I think if you go outside in the more rural areas of America, you will still find American cars and most certainly American trucks! Most of hte classic cars are either in storage/garaged or sitting in the backyard waiting for restoration (meaning they are rusting away).
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#6
Mike said it best...you can't hardly tell the difference between american made or asian cars anymore
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#7
Thanks for your comments and feedback guys. I agree with everything you've said. Basically, modern car design and styling has lost individual character and soul, as most of todays cars look like clones of each other.They're made to a cheap formula, and are not made to last for long. Yes, auto technology has come along a fair way since those days, but the quality has fallen away as well i think. Also, hi tech concepts built into todays cars create their own problems as well for owners in many ways too.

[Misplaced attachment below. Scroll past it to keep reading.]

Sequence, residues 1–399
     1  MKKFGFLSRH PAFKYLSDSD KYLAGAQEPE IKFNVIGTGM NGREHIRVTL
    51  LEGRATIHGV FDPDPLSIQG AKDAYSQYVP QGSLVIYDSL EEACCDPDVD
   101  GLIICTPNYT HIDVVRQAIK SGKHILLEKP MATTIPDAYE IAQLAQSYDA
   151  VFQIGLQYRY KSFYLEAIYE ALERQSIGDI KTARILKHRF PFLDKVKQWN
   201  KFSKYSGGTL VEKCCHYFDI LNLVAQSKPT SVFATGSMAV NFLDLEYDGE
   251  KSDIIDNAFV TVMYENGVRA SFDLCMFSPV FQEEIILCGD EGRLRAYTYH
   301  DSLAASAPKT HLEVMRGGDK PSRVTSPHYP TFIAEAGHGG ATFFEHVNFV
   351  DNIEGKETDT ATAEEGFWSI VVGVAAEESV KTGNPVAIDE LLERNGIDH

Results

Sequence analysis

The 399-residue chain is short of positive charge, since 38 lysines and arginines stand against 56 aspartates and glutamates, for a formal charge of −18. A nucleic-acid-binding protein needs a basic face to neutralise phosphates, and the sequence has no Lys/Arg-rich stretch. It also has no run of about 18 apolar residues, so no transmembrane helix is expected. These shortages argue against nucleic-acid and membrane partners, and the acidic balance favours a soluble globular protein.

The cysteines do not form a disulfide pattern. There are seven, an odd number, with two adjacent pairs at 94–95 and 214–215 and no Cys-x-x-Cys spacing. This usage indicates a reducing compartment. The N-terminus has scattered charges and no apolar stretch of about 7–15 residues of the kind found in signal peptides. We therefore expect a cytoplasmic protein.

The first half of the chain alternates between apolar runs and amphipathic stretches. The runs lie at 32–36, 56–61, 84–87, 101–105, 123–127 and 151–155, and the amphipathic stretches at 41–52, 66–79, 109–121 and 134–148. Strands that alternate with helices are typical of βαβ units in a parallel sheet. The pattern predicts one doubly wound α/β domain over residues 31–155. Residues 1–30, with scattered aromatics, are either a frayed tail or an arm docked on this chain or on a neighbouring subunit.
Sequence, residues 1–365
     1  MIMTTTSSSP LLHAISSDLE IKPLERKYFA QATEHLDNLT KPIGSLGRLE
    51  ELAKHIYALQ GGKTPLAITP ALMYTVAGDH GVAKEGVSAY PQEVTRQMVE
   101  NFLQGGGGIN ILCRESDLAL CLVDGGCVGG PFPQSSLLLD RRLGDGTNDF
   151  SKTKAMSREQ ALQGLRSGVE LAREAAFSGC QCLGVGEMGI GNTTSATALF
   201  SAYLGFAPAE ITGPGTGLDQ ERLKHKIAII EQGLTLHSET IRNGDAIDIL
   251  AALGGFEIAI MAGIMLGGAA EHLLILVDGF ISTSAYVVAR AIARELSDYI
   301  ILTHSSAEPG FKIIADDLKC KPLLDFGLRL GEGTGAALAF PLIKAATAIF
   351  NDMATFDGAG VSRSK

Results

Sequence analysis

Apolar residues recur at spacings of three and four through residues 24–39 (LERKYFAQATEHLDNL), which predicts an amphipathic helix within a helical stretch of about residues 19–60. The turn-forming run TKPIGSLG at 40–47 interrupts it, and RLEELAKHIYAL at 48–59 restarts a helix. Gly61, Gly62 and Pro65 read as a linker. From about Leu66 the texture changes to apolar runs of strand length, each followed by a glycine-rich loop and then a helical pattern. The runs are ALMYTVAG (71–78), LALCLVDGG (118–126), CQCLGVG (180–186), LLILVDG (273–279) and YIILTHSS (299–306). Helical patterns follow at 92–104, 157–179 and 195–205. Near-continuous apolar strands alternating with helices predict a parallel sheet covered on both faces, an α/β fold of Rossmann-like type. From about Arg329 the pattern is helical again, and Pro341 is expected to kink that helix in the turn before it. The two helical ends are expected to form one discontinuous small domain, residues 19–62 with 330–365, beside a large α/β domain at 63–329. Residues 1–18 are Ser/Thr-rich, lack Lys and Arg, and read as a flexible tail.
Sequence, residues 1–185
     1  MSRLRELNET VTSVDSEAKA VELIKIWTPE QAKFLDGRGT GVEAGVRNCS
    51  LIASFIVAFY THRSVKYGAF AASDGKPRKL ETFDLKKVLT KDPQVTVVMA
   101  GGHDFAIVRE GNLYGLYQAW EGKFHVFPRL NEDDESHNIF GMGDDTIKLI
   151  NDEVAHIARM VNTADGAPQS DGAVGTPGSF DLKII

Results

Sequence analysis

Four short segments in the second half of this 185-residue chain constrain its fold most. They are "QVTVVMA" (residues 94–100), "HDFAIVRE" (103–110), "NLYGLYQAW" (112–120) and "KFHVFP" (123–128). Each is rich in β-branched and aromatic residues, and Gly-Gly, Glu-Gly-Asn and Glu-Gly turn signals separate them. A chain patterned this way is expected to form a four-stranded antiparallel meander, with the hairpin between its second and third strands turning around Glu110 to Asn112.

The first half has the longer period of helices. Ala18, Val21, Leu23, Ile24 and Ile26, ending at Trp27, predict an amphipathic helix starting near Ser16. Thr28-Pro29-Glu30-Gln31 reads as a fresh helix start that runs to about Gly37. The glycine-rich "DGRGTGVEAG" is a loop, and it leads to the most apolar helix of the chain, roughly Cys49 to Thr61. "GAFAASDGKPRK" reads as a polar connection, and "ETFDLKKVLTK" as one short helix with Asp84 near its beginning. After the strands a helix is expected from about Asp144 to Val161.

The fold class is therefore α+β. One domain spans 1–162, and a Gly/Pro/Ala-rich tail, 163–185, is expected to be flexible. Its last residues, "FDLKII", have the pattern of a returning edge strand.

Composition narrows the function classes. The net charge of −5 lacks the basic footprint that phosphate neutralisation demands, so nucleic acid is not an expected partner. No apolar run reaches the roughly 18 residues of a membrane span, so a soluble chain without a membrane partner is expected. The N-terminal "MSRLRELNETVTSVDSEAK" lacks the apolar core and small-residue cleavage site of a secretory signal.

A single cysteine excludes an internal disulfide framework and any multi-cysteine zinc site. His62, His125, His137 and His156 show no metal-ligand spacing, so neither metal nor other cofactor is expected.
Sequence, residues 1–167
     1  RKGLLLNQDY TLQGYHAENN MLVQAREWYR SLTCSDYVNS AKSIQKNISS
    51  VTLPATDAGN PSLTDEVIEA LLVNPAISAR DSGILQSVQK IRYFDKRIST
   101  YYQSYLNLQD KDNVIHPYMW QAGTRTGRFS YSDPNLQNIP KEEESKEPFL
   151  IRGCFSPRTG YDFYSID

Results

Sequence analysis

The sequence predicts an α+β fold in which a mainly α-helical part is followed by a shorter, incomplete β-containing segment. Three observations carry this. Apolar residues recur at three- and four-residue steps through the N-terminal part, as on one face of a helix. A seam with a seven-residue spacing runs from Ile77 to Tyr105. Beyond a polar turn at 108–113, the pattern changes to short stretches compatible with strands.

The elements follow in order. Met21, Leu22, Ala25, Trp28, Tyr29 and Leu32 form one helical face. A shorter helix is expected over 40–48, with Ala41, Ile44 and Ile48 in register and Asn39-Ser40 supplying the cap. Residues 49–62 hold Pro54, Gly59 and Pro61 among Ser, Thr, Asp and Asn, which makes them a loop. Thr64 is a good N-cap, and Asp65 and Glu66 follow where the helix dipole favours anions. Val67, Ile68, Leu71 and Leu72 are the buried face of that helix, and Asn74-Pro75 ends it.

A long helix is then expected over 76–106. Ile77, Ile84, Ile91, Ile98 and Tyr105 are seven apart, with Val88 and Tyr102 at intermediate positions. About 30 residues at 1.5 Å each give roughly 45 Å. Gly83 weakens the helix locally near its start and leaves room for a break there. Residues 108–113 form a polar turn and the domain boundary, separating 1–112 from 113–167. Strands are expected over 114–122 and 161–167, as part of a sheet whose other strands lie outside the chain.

Yes, it's very sad to see the end of an era ('50s, '60s,and '70s American cars) when flair, style, and individuality was king. I guess you can understand why these classic cars receive so much attention and are popular when they get driven around the streets these days, and will become and have become collectables for so many.

So i raise my glass, and pay tribute, and thank America for making these cars of yesterday that stood out as world standard works of art and style.beerbeer

Greg.Smile

whistling LORD, MR FORD - JERRY REED
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#8
Austin Vert;187379 Wrote:So i raise my glass, and pay tribute, and thank America for making these cars of yesterday that stood out as world standard works of art and style.beerbeer

Greg.Smile

Agree totally Greg.